Zero hours contracts are completely unethical. They allow businesses to manipulate and control workers, offering little or no financial or job security, whilst penalising these same workers if they dare to be unavailable for work offered at short notice. They allow no scope for an individual to plan his or her work or budget for basic needs such as food or rent. Worse still, zero hours contracts distort UK employment figures, such that we’re consistently being told that unemployment is down, whereas in truth, more and more people are living on the breadline. Whilst businesses continue to inflate their profits, in-work poverty is rising, damaging the mental and physical health of millions. Whereas once zero hours contracts were the exception, increasingly they seem to be the rule.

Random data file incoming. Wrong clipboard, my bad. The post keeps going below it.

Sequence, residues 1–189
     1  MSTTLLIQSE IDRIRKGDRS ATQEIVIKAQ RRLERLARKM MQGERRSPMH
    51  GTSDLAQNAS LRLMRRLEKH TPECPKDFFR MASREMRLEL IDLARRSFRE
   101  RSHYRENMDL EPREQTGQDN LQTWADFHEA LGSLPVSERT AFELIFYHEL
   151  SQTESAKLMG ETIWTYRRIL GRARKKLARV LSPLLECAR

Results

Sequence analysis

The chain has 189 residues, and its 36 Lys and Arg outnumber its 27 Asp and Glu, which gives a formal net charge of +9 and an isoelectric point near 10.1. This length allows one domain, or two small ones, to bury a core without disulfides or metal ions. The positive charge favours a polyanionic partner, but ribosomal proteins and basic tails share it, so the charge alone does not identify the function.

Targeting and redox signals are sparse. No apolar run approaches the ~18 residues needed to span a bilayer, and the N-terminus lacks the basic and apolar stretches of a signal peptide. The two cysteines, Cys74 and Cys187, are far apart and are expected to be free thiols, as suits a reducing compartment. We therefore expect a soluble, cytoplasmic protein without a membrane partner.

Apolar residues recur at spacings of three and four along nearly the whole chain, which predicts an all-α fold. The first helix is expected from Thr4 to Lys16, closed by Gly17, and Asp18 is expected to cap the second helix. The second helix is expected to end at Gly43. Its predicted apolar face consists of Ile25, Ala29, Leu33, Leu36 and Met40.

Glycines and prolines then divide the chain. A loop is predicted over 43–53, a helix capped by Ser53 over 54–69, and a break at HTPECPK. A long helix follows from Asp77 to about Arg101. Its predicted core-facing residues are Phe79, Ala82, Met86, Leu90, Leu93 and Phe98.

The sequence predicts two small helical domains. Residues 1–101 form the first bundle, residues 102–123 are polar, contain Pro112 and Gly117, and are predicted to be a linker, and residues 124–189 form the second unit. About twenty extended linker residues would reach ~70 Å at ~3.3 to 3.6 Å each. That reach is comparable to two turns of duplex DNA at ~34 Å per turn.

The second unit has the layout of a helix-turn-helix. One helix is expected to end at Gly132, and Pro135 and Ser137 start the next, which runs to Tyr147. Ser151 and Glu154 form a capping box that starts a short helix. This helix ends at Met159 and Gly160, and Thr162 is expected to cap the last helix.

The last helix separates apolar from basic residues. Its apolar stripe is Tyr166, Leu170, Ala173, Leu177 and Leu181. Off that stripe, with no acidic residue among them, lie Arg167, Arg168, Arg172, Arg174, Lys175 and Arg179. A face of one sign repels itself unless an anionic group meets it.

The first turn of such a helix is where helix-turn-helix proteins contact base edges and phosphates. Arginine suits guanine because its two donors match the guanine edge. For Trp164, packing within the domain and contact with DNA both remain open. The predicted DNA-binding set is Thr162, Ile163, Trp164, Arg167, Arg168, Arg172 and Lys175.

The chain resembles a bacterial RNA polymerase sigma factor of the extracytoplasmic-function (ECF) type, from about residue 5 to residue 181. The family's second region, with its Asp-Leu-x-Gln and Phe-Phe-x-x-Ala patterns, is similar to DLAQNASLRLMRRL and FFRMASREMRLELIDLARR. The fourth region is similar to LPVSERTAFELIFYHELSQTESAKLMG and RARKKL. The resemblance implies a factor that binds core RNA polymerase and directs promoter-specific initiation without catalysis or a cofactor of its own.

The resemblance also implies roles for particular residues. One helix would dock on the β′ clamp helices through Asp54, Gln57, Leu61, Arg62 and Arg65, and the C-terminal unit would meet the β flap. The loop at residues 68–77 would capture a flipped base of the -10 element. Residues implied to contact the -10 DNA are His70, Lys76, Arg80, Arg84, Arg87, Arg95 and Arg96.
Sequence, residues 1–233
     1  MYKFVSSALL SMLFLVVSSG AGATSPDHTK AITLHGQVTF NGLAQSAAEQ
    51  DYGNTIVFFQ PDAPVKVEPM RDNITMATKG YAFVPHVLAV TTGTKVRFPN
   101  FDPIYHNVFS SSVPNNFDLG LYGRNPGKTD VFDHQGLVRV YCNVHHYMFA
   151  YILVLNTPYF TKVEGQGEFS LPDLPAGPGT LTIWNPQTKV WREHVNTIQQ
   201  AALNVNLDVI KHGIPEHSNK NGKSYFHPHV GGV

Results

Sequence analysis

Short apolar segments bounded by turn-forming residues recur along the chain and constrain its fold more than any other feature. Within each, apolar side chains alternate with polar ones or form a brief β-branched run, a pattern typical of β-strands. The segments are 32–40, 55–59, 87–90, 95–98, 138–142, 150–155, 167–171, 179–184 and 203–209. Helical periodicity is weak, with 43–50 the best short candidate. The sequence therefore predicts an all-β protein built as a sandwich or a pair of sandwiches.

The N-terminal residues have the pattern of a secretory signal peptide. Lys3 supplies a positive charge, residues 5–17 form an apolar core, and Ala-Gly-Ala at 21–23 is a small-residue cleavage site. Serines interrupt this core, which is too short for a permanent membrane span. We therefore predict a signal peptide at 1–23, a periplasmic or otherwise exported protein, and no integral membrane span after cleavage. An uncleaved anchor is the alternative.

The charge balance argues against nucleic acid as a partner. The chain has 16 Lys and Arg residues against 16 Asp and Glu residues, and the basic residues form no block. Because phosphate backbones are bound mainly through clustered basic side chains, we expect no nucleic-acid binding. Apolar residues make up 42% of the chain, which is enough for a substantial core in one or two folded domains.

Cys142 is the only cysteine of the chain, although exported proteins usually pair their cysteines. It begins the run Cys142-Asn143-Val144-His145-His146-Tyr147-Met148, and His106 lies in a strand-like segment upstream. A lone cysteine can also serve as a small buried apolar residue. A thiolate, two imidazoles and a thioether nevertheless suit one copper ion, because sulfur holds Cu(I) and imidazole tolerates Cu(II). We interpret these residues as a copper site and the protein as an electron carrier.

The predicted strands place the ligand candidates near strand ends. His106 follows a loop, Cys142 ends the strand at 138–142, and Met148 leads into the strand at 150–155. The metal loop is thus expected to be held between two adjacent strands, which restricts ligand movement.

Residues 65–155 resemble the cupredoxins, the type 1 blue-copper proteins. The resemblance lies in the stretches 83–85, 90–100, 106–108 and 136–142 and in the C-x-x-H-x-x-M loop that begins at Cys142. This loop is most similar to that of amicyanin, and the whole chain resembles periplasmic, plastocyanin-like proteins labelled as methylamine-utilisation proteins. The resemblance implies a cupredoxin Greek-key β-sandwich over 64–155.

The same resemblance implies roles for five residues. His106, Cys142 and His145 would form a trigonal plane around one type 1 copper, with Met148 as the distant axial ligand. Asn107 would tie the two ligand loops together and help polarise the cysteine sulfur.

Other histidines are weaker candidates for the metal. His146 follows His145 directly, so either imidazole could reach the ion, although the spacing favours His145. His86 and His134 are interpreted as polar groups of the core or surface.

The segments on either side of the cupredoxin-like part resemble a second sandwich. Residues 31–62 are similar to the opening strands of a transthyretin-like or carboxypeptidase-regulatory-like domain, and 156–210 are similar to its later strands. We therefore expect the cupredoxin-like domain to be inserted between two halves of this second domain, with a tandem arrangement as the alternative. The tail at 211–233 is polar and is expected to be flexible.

This is the commoditisation of work and of humans. Whether we like it or not, we ARE increasingly cogs in the wheel, challenged to run ever faster for diminishing job security and opportunity to learn and grow.
This is why I think people are so disengaged en masse. Pitched against Maslow’s famous hierarchy of needs, not only is work failing to deliver self-actualisation or esteem, more damagingly, it’s increasingly failing to deliver psychological safety. If we continue on the path of neoliberalism, work becomes increasingly about driving profit, measuring success in financial terms only and completely overlooking business impact on society or the environment. The rich get richer, the poor get poorer, and societies and communities start to self-destruct under the weight of poverty.